I was thinking of goldfish and how long they might last without food. I had forgotten to feed Ron’s goldfish, and Carol Abamont in the adjacent apartment wasn’t scheduled to feed them until…when? I’d forgotten that too. Maybe I should have been in that tank, swimming from corner to corner, forgetting where and who I was, wondering about food. But the Tudor hotel was approaching, the sleek coach standing outside waiting for me.
Registration and formalities took place in the hotel lobby. They were easy and very low key; future companions blank-eyed and ‘incurious’, furiously assessing each other in sidelong glances that veered onto walls and soft furnishings rather than risk eye contact. There were a fair number of Europeans – Dutch, German, French, Spanish,two Australians, and three Americans girls: seventeen of us in all, sharing a thirty-six-seat coach.
I sank into a window seat, stomach fluttering in excitement. This was the way I wanted to see America – a six week circular tour, camping under the stars – the only exception being Las Vegas where we stayed in a dingy motel with a fridge full of roaches and mould. On top of the fridge was a well thumbed guide to local prostitutes, complete with prices and their respective specialities. But that’s a different story. This story is how I wanted to see America, grasp its space and complexity in a way you never would on a plane.
The tour guide, Greg Faletta, began the 'bonding' as we drove out of New York. Introductions involved changing seats and talking about ourselves to attractive strangers. Luckily we all spoke English – in a fashion.
The journey to Niagara Falls was long, and through it all I stared out the window, dreaming, the mind registering what the eye didn’t see. In Britain the country-side, though beautiful, offers no sense of space. If a road passes through a forest you may see nothing but trees, but you know that beyond them are fields, and then pretty soon houses, and beyond that a town. The landscape is complex, dense in history, but thin.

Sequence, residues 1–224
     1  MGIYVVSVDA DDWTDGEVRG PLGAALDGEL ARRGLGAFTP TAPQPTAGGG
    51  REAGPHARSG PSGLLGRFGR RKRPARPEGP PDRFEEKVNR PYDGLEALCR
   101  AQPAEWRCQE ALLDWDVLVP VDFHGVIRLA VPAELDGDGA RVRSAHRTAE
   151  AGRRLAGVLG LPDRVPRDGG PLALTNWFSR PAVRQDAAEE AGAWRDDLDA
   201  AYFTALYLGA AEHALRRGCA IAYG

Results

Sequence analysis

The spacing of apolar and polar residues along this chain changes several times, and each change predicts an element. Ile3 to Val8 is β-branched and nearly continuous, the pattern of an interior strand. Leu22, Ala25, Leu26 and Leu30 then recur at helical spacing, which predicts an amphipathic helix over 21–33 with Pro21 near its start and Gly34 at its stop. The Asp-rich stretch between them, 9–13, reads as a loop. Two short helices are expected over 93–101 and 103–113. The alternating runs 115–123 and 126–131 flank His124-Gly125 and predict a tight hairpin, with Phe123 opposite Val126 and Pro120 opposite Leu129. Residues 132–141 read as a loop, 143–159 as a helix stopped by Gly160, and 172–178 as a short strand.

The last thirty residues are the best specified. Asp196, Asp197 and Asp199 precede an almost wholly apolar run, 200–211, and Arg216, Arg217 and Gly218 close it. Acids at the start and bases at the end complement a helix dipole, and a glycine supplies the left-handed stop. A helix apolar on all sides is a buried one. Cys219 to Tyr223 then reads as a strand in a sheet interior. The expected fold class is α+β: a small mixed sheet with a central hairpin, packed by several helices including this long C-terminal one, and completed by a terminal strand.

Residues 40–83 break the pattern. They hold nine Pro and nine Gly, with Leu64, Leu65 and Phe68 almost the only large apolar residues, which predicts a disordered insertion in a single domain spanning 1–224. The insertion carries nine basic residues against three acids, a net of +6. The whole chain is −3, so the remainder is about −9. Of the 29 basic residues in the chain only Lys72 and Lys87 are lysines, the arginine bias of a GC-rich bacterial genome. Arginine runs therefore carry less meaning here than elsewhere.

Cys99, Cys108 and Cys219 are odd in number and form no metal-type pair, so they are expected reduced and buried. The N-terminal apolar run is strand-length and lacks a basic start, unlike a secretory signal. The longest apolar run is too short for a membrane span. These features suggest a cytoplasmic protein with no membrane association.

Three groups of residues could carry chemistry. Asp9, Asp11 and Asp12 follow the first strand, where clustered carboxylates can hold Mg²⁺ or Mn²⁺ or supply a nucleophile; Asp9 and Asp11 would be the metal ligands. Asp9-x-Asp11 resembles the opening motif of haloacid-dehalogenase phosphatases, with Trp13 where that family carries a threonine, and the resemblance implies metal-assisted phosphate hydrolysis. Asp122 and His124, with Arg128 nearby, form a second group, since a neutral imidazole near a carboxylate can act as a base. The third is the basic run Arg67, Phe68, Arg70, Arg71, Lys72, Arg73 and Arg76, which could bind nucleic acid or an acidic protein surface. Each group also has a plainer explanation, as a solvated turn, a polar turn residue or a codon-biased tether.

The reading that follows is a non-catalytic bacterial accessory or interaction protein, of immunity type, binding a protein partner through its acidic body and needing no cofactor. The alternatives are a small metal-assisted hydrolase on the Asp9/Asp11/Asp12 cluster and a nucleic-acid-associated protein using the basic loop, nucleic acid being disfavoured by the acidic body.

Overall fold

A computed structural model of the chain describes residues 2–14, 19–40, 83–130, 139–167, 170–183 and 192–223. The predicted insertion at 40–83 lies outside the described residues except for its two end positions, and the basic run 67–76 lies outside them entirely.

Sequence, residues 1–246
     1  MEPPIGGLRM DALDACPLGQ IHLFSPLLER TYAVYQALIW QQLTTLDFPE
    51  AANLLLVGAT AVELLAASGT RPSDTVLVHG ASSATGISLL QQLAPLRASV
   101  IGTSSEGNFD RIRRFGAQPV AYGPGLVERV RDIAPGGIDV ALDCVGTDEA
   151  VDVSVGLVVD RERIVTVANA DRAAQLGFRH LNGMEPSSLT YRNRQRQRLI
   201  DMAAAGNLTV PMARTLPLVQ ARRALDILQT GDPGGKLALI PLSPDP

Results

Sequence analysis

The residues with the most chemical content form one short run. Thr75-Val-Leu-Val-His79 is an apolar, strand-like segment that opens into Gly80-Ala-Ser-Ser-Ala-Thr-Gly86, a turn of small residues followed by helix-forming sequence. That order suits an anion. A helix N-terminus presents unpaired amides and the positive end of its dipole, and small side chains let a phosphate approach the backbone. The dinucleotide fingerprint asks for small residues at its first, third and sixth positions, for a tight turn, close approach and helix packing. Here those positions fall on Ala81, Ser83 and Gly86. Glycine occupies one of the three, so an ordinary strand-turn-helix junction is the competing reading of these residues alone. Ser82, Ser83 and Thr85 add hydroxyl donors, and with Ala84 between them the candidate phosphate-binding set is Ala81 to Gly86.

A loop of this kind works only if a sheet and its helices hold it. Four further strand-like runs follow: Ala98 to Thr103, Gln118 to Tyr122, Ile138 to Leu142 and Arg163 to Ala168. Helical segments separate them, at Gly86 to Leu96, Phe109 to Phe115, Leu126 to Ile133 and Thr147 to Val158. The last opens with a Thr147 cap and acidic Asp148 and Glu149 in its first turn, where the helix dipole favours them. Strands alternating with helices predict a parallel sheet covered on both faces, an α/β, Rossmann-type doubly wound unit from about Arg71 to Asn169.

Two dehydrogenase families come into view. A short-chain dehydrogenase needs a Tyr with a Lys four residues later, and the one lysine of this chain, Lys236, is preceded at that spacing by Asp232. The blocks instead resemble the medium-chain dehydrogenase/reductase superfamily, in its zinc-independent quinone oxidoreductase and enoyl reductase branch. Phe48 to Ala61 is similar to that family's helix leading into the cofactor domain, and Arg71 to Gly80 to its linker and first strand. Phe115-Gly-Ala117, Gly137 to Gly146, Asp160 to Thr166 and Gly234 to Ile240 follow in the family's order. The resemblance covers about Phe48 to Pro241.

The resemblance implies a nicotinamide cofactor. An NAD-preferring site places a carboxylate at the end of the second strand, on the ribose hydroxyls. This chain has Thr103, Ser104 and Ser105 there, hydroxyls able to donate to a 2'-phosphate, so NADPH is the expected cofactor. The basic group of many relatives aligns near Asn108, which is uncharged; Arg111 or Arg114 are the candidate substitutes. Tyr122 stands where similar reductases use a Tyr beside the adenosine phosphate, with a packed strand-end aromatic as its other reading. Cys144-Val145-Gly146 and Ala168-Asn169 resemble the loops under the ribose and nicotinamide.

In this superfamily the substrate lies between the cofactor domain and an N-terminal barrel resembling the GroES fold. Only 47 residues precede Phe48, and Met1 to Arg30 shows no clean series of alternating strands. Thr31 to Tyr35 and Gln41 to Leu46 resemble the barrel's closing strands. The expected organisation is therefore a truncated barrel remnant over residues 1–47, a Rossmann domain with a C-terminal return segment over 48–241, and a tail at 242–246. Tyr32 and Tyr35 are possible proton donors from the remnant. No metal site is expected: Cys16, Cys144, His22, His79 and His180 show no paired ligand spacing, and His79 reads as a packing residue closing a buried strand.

So why was this different, staring through walls of thick woods on either side of the road? What I ‘saw’ was trees. What I sensed was the rich and brutal immensity behind them. And I thought of Natty Bumppo.
Fennimore Cooper’s 'Leather-stocking Tales' have a peculiar appeal. They fail every test but one. The writing is dense, often flowery, plots meander and in ‘The Prairie’ the plot is just downright bizarre. What attracts is the magic of the archaic, the language, vocabulary and rhythm conjuring up a culture and mind-set.
I imagined the eighty-six year old Natty Bumppo – better known as Hawkeye in 'Last of the Mohicans.' He’d left the dense forests of New York and Delaware because he wanted to be in a place where he wouldn’t be able to hear a tree being chopped down. The book was published in 1827 when presumably the forests were still largely virgin and the population sparse – but this eighty six year old man felt crowded, pressed in by people. The book has him traipsing around the prairies of the far west – walking from the banks of the Missouri to the Rocky Mountains in a single day – and rescuing sundry people from sundry Indians in a plot which goes nowhere in particular.
This was my holiday: a plot going nowhere in particular, and proceeding even more slowly than the iron-framed, eighty-six year old Natty Bumppo. It took us a day to reach Niagara and that was in an air-conditioned coach travelling at speed on good roads. What would it be like travelling from the Missouri to the Rockies? Could we do it in a day? Could a bunch of effete Europeans match the sinewy guile of a bionic Bumppo who took quantum leaps across vast spaces?
And would the goldfish survive?
Bumppo on steroids.